Tomatoes are a staple in diets worldwide and an essential part of sustainable agriculture. Now, scientists at the Boyce Thompson Institute (BTI) have reported groundbreaking insights into a long-known tomato mutation, unlocking the potential for enhanced fruit quality and stress resistance.
“What started as curiosity about an intriguing mutant has blossomed into a potentially transformative discovery for sustainable agriculture,” said lead researcher Carmen Catalá, an adjunct assistant professor at BTI and Senior Research Associate in the School of Integrative Plant Science at Cornell.
The investigation, published in the Journal of Experimental Botany, focused on decoding the mystery of a tomato mutant called “adpressa,” first discovered in the 1950s. The mutant garnered attention because of an unusual characteristic: adpressa plants are unable to sense gravity. These plants often grow close to the ground rather than upward toward the sky; hence, their name conveys a habit of being flat (adpressed) against the soil.
The team led by Catalá, including BTI postdoctoral researchers Philippe Nicolas and Richard Pattison, began by uncovering the precise genetic change causing this fascinating effect. They found that the mutation blocks the synthesis of starch, which is a storage form of sugar.
The team pushed further, using the mutation to investigate fundamental questions about fruit biology. They discovered that the mutant shows major transcriptional and metabolic adjustments, including increased levels of soluble sugars and enhanced growth. More surprisingly was the discovery of complete resistance to blossom-end rot (BER), a physiological disorder causing deterioration of fruit’s cell membranes and a dry, black, and sunken area on the bottom of the tomatoes.
Often noticed by gardeners and commercial growers, BER incidence is difficult to predict but has been directly related to environmental stresses such as temperature or irregular watering. BER also affects other fruits and vegetables, including peppers, squash, cucumber, and melon. Although this complex disorder has been intensively studied, mechanisms underlying BER development are not fully understood.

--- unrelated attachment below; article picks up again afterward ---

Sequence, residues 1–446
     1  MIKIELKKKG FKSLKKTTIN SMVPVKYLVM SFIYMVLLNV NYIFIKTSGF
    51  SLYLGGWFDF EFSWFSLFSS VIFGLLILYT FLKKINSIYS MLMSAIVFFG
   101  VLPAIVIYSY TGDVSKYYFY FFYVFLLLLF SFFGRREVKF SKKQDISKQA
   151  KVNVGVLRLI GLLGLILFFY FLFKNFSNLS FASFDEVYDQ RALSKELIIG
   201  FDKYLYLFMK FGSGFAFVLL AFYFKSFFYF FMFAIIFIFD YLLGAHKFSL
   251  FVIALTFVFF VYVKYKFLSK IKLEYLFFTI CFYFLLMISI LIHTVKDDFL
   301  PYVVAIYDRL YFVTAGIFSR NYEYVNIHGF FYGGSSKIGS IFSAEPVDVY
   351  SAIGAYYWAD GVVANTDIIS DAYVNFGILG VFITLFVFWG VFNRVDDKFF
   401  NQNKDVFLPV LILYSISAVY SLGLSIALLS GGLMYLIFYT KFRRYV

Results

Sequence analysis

“Our findings with the adpressa mutant are quite promising. Contrary to what was previously thought, the lack of starch did not alter fruit development and ripening. In fact, adpressa fruits were slightly larger and accumulated more sugars during growth. The most remarkable discovery is the resistance to blossom-end rot. These findings open new avenues for improving fruit yield and quality, especially under stressful environmental conditions,” noted Nicolas.
The research team at BTI collaborated with scientists from the Max Planck Institute in Germany, the Instituto de Hortofruticultura Subtropical y Mediterránea “La Mayora” in Málaga, Spain, and the US Department of Agriculture. Together, they utilized advanced genomic and metabolic analysis tools to study how the mutation affects fruit development.
“The intricate connection we observed between sugar metabolism and resistance to cellular damage in fruit tissues is particularly fascinating. This study reveals the potential for engineering or breeding tomatoes that can better withstand environmental challenges,” said Nicolas.
The team is now working on understanding why these mutants are resilient against abiotic stresses and expect to find target genes or compounds with an essential role in BER resistance.
“We hope this discovery will lead to novel approaches in creating plants resistant to blossom-end rot and other types of stress-induced damage,” said Catalá. “Not only would it benefit gardeners and commercial growers, but it would have a significant impact in countries with adverse growing conditions, where small farmers do not have the resources to protect their crops from environmental challenges such as drought.”